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EU court fires warning on antitrust behaviour

|Written By Julius Melnitzer

Acting legally, even within the specific framework of regulatory procedures, is not necessarily a defence to antitrust allegations of abuse of dominance. That’s the clear and perhaps startling message from the European General Court’s July 2010 judgment in AstraZeneca v. Commission.

The court’s reasoning is a ‘good victory’ for the European Commission, says David Marks.

The decision confirmed the European Commission’s 2005 ruling that AstraZeneca, a pharmaceutical company, had abused its dominant position in the market for proton pump inhibitors used to combat gastrointestinal diseases and conditions such as ulcers and acid reflux.

The court also upheld 52.5 million euros of the 60-million-euro fine imposed on AstraZeneca. It reduced the fine slightly because the commission had erred in its assessment of the impact of the company’s misconduct.

“The court ruled that a dominant undertaking cannot use regulatory procedures to prevent or hinder market entry for competitors,” says Richard Eccles, a partner at Bird & Bird LLP in London, England. “Any such use of regulatory procedures must be related to competition on the merits by the dominant undertaking or otherwise be supported by objective justification in order not to be an abuse.”

Perhaps as significantly, the court also ruled that dominant companies that make misrepresentations to regulators may be liable to antitrust penalties if the misrepresentations have the effect of restricting competition. The liabilities attach even if the regulatory scheme contains its own sanctions for such conduct.

“The court’s reasoning here is a good victory for the commission because it amounts to a statement that abuse of dominance is not a closed category,” says David Marks, a partner at CMS Cameron McKenna LLP.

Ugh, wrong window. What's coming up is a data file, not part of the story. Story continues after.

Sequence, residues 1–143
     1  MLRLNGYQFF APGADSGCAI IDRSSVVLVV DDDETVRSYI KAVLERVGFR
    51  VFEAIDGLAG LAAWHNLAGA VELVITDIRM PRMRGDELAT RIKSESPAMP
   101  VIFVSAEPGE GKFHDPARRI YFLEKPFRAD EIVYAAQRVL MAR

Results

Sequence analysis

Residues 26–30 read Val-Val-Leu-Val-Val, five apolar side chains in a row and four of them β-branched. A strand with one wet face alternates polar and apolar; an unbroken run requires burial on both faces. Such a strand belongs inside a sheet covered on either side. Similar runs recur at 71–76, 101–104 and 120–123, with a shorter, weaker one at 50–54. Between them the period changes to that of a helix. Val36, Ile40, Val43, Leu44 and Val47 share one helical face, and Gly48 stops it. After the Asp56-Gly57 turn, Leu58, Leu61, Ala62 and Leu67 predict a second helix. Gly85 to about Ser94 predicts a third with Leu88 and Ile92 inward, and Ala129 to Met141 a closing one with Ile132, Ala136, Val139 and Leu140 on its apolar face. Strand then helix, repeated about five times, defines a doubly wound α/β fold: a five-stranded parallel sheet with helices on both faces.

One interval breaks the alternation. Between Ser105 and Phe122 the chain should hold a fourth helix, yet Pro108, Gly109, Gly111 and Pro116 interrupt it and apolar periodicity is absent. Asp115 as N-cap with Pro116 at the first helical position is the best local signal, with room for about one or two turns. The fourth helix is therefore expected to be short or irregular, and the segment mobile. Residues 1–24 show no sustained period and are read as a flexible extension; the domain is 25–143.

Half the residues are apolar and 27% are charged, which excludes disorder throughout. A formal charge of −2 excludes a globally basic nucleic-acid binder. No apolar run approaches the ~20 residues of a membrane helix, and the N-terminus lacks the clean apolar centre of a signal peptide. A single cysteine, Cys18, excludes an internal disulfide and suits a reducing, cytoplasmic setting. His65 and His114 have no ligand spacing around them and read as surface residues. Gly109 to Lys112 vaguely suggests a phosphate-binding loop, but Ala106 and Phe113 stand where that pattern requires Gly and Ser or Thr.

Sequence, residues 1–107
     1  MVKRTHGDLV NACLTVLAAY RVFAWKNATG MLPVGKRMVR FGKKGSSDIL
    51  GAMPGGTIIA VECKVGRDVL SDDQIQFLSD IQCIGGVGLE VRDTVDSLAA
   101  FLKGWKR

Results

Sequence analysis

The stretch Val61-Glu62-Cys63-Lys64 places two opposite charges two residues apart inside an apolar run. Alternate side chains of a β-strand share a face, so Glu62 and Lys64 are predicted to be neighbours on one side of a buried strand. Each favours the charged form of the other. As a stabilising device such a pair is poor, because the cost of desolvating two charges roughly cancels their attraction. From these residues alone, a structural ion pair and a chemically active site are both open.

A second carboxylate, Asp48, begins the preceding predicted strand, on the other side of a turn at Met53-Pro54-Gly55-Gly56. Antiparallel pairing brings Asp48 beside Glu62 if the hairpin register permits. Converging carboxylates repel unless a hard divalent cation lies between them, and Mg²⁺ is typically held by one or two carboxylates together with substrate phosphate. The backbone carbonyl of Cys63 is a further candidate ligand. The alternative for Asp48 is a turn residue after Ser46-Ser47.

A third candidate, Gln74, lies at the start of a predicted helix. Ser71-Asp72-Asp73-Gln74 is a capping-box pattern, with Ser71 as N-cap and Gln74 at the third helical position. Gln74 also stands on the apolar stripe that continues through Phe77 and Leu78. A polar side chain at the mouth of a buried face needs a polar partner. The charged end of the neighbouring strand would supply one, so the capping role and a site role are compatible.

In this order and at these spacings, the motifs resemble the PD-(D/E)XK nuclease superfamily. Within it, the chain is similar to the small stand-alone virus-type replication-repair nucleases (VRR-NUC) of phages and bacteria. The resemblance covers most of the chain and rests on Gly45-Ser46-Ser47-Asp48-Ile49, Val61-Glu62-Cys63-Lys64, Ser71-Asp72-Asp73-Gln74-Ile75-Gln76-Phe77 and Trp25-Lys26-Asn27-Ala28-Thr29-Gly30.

AstraZeneca pioneered the development of proton pump inhibitors with its introduction of Losec, for which it held a patent, in the late 1980s.

“Losec was the biggest drug in the world at the time, the Lipitor of its day,” Marks says.

Taking advantage of its first-to-market status, AstraZeneca held a dominant position in Belgium, the Netherlands, Sweden, Denmark, Britain, and Germany.

Naturally, the generic drug manufacturers had their eyes on the market. Under European rules, new entrants seeking market authorization for their drugs could rely on the pharmacological and toxicological tests and clinical trials filed by AstraZeneca to show that their products were essentially similar to the original and therefore eligible for marketing authorization.

Realizing this, AstraZeneca ceased marketing Losec capsules in Denmark, Norway, and Sweden and began selling Losec tablets instead. Simultaneously, the company deregistered the marketing authorizations for the capsules.

“Because the generics could only rely on the clinical trials for the capsules only while the authorizations existed, the deregistrations had the effect of preventing [AstraZeneca’s] competitors from using its original tests as benchmarks for their own authorizations,” Eccles says.

European rules also allowed patent holders to apply for a supplementary protection certificate extending the validity of their patents for five years. The term is limited to the lesser of five years from patent expiration and 15 years from the first European marketing authorization.

In its application for Losec, AstraZeneca claimed March 1988 as the first marketing authorization date, but the commission proved that France had issued an authorization in 1987.

“This resulted in [AstraZeneca] gaining an additional period of protection for Losec in some countries and excluded the possibility of generic competition for a period of several months longer than was justified under the [supplementary] system,” Eccles says.